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Docket 24-115 Replies

Programmers and MVPDs Continue Assailing, Defending Contract Terms

Multichannel video programming distributors (MVPDs) and independent video programming interests remain miles apart over the FCC's proposed restrictions on carriage agreement terms. In reply comments (docket 24-115) posted Tuesday, MVPDs reiterated their assertions (see 2406100005) that most-favored-nation (MFN) and alternative distribution method (ADM) contract terms ultimately benefit programmers and viewers, while programmers said such terms are smothering their ability to compete.

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The booming supply of and demand for video programming comes from a hands-off regulatory approach to streaming, which is a reason to avoid regulating it, Comcast said. Arguments in the record against MFNs "boil down to letting programmers give special price and other concessions to [online video distributors] ... while sticking MVPDs and their customers with the bill," Comcast added. MFN terms give MVPDs protection, and without it they are less likely to carry many indie networks, said Verizon. The MFN ban also unfairly applies just to MVPDs but not big online video distributors, Verizon added, even though MVPDs "have historically carried significantly more diverse, independent programming than OVDs." It said that the Communications Act's sections 616(a) and 628, which the FCC cited as giving it legal authority for its indie programming proposals, lack such authorization, and that the legislative history confirms Congress "did not intend for these statutes to supply free-wheeling authority to the Commission to regulate video distribution competition generally."

Doing nothing about ADMs and MFNs "means that independent and diverse voices are marginalized, and innovation is stifled" due to indie programmers lacking leverage to resist such terms that big MVPDs force on them, said American Independent Media. Contrary to MVPD arguments, MFNs and ADMs "ensure a permanent state of under-distribution and economic barriers to access" for indie programmers, AIM said. It added that indie programmers have made almost no inroads into virtual MVPDs' channel bundles. Programmers Aspire, Up and Ovation said the record is rife with comments about MFNs stopping indie programmers from getting distribution agreements with MVPDs and virtual MVPDs.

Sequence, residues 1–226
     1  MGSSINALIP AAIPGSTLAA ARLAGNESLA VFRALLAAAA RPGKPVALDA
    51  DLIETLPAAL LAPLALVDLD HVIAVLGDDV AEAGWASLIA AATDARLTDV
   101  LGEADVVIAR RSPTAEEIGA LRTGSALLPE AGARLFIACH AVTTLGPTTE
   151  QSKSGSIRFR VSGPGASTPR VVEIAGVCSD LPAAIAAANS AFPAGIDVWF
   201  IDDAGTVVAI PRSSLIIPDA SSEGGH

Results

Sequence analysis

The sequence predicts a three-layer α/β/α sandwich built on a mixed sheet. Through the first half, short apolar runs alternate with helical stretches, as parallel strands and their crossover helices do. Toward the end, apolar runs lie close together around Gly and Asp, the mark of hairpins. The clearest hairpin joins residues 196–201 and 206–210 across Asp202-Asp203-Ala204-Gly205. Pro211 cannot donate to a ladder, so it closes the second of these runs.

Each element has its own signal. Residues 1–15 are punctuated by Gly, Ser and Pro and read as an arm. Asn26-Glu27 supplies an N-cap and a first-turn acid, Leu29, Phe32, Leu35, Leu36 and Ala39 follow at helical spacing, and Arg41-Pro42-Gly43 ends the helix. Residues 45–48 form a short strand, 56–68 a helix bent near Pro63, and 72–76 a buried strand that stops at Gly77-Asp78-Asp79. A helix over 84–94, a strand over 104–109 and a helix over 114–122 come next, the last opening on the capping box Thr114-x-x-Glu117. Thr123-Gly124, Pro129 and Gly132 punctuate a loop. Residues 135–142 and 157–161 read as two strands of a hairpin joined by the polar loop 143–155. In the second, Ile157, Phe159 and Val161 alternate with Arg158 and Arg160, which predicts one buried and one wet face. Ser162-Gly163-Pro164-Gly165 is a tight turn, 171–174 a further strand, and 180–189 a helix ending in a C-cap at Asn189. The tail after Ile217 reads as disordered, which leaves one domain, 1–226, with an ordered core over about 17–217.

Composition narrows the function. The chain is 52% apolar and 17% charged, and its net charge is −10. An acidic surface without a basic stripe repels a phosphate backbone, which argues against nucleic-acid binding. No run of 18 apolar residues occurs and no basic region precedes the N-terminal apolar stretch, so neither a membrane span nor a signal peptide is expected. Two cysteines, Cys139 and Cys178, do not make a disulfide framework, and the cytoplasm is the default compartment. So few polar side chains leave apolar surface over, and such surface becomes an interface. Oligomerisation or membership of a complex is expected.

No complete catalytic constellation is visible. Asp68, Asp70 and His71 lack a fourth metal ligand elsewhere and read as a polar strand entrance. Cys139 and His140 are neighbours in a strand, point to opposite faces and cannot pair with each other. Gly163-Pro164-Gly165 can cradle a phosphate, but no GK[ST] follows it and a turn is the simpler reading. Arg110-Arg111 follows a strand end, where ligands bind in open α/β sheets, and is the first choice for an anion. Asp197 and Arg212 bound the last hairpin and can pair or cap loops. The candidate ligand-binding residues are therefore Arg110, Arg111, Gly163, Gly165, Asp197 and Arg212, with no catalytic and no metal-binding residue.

Along with doing away with MFNs and ADMs, the FCC also should consider early termination fees that MVPD subscribers pay as chilling competition and thus the range of independent voices available to the public, said Rural Media Group. 2042 Media said arguments that indie programmers can distribute via YouTube or other free, ad-supported streaming TV platforms aren't realistic. It said it can't distribute its networks for free because of the MFNs it has with its affiliates as well as due to economic realities.

Multiple programmers argued addressing MFNs and ADMs is well within the FCC's authority.

Canada's restrictions on MFNs and unreasonable ADM provisions "have been beneficial to sustaining the commercial viability of independent programming services," the country's Independent Broadcast Group said. Barring MFNs has meant "greater latitude for independent programming services to enter into different commercial arrangements with different MVPDs across the Canadian market," it said.

Pointing to calls for retransmission consent reform, NAB said there's no proof of a relationship between retrans consent and MVPD carriage of independent programming.